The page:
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Chapter 6

MGHB02H3 Chapter Notes - Chapter 6: Motivation, Job Satisfaction, Job Design


Department
Management
Course Code
MGHB02H3
Professor
Melissa Warner
Chapter
6

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Chapter 6 | Motivation in Practice
Job Design as a Motivator
Job Design
oStructure, content, and configuration of a person’s work tasks and roles.
oThe goal of job design is to identify the characteristics that make some tasks more
motivating than others and to capture these characteristics in the design of jobs.
oAn attempt to capitalize on intrinsic motivation.
Job Scope and Motivation
Job Scope
oThe breadth and depth of a job.
Breadth
oRefers to the number of different activities performed on the job.
Depth
oRefers to the degree of discretion or control the worker has over how these tasks
are performed.
Low-Scope Job example is traditional assembly line job. Low scope jobs are when
workers specialize in a single task.
High breadth with little depth or vice versa is still considered low in scope.
High scope jobs provide more intrinsic motivation than low scope jobs.
Job Rotation
oRotating employees to different tasks and jobs in an organization.
oEmployees are rotated to different tasks and jobs in an organization.
oIt can involve working in different functional areas and departments
oIt can provide a variety of challenging assignments, develop new skills and
expertise, and prepare employees for future roles.
Job Characteristics Model
Job Characteristics Model proposes that there are several “core” job characteristics that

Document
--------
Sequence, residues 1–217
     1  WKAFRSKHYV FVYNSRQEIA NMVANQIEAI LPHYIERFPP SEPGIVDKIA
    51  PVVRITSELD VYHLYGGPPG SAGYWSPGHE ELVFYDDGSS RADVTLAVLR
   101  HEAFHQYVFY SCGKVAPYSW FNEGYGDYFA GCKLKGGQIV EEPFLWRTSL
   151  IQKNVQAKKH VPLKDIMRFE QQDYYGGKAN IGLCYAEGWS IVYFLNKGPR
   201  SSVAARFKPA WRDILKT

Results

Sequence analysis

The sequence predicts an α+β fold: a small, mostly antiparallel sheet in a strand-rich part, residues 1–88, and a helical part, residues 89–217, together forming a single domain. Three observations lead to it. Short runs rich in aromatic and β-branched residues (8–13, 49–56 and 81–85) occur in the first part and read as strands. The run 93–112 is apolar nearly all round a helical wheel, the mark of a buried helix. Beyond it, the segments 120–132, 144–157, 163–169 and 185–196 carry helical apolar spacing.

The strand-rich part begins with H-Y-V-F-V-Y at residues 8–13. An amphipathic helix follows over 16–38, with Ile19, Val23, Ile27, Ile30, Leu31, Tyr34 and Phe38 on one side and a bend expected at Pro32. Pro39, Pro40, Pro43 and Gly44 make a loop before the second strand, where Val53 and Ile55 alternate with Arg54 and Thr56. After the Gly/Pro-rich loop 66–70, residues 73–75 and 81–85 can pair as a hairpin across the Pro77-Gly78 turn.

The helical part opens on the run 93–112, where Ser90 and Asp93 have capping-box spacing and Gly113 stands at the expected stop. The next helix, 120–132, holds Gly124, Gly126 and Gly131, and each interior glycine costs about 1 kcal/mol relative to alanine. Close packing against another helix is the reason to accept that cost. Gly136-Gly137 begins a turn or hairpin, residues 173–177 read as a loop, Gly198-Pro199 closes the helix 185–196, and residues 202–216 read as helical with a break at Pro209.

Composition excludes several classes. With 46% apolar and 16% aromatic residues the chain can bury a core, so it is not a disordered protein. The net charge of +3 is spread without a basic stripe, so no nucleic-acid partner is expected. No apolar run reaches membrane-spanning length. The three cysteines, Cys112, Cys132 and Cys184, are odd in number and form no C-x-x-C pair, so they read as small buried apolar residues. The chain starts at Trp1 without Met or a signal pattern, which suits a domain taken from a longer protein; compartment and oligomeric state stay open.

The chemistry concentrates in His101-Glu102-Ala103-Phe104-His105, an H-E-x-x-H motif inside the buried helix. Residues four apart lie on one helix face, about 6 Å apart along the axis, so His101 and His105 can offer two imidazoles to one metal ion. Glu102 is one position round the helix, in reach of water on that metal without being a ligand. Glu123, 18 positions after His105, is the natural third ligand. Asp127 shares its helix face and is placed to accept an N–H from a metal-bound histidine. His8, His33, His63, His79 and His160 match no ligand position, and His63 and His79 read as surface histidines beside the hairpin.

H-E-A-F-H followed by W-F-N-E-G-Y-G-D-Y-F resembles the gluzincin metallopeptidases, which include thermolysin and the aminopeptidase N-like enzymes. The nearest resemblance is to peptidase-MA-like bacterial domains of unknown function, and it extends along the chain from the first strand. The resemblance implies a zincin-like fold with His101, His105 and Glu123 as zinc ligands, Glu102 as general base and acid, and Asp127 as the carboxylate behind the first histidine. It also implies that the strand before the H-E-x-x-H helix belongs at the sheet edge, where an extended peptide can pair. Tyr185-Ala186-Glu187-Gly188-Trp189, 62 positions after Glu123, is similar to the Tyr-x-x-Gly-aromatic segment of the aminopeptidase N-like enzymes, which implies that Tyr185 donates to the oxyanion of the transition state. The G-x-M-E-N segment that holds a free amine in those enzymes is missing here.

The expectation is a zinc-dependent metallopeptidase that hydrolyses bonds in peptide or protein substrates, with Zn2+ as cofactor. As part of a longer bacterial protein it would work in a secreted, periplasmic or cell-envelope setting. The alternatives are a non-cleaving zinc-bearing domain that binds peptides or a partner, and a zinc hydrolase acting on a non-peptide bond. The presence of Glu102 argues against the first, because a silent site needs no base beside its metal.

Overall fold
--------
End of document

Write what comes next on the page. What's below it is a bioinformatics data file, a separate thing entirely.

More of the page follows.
have a certain psychological impact on workers.
The psychological states induced by the nature of the job lead to certain outcomes.
Several factors called moderators influence the extent to which these relationships hold
true.
Core Job Characteristics
oSkill Variety
Opportunity to do a variety of job activities using various skills and talents
High Variety: Owner operator of a garage who does electrical repair,
rebuilds engines, etc.
Low Variety: Body shop worker who spray paints eight hours a day.
oAutonomy
The freedom to schedule one’s own work activities and decide work
procedures.
High Autonomy: Telephone installer who schedules his or her own work
for the day, makes visits without supervision and decides on the most
effective techniques for a particular installation.
Low Autonomy: Telephone operator who must handle calls as they come
according to a routine, highly specified procedure.
oTask Significance
Impact that a job has on other people
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